In rather different weather (milky-grey unbroken cloud cover with drizzly patches) I returned to Arne, wondering to myself how today would compare with the first. As I headed out onto the western heathland the first bird that was not on yesterdays list flew past – a Raven. Despite the dull weather a few Meadow Pipits were singing their ditties and I came across two separate female Dartford Warblers – both at close range.
From the viewing screen overlooking the creek (with a fast retreating tide) I was able to enjoy the sight of around 350 Brent Geese cruise in from the harbour in tight formation and land in a squabbling mess on the water. These are gorgeous geese, probably my favourite, with their compact shape and smart sooty-black and white outfit. From the hide further along the creek I was met with a huge crowd of waders all feeding on the freshly exposed mud; Black-tailed Godwits were plentiful among Redshank, oystercatchers and some distant Grey Plover.
I wandered back into the heart of the reserve and had a nose around the bushes that grew up amongst the chapel and houses which make up the hamlet of Arne. Around five singing Goldcrests were flitting through the holly and ivy-clad oaks, along with an amorous-sounding Stock Dove and a loose flock of Redwing. With some patience I located two Great-spotted Woodpeckers that were busy pecking wood, funnily enough, but my eye also caught some movement further down the lane. Through my binoculars I was quite astonished to see a Firecrest moving energetically through the hedge, but it got better when I noticed a second individual out of the corner of my eye – not more than two meters from me!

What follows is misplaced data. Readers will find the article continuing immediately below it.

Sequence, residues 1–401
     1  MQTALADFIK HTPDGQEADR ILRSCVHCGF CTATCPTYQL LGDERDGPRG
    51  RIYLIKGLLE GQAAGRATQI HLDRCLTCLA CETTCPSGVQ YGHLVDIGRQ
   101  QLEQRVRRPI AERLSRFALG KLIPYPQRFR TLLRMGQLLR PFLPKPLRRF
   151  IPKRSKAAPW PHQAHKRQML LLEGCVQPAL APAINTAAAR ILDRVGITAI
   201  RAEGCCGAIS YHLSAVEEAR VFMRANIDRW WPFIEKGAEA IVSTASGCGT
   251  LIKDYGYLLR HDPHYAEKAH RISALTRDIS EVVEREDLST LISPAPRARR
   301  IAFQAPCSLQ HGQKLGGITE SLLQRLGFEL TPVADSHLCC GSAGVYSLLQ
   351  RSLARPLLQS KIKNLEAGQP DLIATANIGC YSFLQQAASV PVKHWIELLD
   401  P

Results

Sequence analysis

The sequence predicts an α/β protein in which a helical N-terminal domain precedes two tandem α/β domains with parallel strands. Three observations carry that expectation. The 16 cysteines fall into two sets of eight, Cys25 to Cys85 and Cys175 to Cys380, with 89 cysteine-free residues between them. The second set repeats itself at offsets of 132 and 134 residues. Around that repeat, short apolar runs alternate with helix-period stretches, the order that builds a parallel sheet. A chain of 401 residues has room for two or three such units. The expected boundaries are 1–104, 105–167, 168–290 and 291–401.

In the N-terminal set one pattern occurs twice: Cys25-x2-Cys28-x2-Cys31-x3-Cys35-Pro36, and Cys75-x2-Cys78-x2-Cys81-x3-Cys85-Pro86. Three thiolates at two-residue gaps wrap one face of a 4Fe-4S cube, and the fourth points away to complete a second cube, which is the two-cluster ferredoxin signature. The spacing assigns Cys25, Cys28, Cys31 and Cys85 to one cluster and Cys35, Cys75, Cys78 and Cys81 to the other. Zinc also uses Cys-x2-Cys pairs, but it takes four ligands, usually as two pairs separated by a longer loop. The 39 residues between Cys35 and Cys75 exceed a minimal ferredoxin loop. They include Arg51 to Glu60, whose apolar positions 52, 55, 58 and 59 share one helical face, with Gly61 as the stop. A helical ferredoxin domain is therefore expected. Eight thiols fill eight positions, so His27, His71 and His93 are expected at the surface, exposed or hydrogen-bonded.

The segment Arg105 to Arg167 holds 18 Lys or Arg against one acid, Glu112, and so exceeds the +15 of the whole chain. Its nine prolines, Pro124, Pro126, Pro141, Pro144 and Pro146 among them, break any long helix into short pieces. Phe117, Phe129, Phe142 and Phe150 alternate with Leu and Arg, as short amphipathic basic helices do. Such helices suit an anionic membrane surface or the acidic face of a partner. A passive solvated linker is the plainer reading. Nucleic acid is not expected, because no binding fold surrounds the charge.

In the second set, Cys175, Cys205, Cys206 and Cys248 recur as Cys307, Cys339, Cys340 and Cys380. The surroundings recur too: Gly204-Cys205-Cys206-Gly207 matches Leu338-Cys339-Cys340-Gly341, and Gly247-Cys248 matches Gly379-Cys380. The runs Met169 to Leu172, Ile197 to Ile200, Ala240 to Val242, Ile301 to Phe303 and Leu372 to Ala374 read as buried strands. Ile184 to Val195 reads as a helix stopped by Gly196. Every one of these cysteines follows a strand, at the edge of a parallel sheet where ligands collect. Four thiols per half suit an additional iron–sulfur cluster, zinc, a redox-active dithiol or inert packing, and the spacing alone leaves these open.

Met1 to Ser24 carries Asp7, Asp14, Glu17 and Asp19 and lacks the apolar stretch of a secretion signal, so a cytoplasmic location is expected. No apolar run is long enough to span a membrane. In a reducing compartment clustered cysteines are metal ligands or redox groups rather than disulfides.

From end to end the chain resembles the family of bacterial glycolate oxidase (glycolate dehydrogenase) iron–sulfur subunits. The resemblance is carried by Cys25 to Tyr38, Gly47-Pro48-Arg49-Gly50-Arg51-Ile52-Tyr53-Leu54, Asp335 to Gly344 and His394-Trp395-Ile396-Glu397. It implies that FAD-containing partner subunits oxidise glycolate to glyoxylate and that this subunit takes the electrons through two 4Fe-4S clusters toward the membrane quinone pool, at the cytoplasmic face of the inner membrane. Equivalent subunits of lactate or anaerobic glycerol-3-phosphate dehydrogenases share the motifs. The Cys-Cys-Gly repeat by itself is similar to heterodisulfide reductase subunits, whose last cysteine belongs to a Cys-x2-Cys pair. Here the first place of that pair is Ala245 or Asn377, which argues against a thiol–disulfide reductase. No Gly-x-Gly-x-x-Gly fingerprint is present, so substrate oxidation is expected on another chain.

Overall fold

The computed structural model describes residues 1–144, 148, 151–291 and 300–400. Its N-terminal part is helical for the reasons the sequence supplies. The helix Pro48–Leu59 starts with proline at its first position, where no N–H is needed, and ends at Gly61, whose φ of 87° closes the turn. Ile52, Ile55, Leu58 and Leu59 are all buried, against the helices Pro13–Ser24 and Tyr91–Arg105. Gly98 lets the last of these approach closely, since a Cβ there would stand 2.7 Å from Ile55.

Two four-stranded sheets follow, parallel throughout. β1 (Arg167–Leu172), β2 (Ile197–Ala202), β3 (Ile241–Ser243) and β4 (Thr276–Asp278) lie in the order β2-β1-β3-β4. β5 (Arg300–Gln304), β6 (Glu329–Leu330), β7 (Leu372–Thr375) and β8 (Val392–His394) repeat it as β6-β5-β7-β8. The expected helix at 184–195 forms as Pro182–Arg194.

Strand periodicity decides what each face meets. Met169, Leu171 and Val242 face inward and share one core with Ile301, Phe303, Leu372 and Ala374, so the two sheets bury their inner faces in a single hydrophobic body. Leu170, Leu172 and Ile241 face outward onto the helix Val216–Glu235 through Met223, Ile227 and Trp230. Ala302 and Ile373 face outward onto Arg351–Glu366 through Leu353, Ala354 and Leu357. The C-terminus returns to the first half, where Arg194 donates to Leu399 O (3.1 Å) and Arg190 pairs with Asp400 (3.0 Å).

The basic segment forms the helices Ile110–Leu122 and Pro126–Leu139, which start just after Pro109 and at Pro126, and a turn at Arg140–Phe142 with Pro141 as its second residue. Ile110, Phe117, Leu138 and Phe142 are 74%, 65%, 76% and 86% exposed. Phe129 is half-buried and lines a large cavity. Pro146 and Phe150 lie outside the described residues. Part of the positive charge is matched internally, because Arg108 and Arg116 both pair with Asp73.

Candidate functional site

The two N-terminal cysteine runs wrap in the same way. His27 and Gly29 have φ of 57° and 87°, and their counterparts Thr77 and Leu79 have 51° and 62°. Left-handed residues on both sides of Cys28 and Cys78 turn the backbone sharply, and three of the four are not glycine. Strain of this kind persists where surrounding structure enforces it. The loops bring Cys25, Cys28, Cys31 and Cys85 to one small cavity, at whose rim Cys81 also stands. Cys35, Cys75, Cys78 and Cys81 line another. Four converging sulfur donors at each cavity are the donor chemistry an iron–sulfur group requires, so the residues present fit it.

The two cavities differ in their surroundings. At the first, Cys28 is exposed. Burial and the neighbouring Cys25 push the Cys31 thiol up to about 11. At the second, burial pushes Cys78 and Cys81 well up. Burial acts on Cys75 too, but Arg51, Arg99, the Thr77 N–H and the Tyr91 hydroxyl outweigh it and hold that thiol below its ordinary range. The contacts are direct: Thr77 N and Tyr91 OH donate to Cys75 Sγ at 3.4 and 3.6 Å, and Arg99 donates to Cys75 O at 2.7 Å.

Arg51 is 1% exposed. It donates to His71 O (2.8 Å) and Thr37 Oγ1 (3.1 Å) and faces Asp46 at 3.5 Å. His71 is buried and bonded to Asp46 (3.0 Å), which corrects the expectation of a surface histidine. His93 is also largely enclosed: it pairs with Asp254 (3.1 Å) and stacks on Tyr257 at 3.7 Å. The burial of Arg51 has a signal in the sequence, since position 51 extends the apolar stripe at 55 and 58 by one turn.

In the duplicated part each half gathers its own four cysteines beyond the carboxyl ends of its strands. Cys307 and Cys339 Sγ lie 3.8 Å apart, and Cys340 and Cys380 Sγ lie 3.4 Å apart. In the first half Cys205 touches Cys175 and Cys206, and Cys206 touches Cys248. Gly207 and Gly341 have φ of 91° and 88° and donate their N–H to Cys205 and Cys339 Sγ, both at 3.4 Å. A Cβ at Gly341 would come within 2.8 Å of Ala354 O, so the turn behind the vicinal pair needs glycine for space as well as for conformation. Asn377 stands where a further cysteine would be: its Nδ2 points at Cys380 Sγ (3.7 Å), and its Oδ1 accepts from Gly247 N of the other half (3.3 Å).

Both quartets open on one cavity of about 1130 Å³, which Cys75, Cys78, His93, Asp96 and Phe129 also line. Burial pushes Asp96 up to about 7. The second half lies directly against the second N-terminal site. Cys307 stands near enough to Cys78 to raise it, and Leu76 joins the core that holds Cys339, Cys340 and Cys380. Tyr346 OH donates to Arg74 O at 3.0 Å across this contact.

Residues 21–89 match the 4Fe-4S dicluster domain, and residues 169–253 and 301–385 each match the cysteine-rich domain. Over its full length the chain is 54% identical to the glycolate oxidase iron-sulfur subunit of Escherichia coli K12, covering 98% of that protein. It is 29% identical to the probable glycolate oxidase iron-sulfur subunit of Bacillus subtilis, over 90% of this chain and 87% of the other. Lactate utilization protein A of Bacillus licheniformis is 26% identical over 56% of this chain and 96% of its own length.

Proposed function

Later, as I sat in a hide eating lunch, I saw what I took to be a gull plunge like a bullet into the water – on closer inspection it was actually revealed to be a Sandwich Tern, one of three birds all fishing in a distant creek. Not far from where the terns were hunting, on a shingle bank alongside two bullish-looking Great Black-backed Gulls, was a solitary Spoonbill, which had seemingly appeared out of nowhere as I had not seen it there on previous scans.
Right at the eastern tip of Arne peninsular is a small sandy beach, I sat here eating a bag of mini-eggs (I also had an apple to balance it out), enjoying the view and enjoying the antics of a very tame group of Oystercatchers feeding on the shoreline. They weren’t the only tame birds here though; a very bold Robin approached me with a warble and perched literally 4cm away eyeing up my chocolate. I managed to dig out a worm from the wood behind the beach and offered it to the Robin, who happily gulped it down and then sat digesting it right next to me. To round off the day a brightly patterned pair of Red-breasted Mergansers drifted past the beach quite close in so I was able to observe the males splendid colours and punk hair-do.
I came away from this trip delighted that I was able to see such a range of great birds even at this time of year, and it was interesting to note that visiting a place two days in a row does not necessarily mean you will see all the same birds – both days were quite a different experience. I thoroughly recommend this part of the world for both birding trips and casual holidays; it is beautiful, peaceful, diverse, fascinating and has a real feeling of wildness.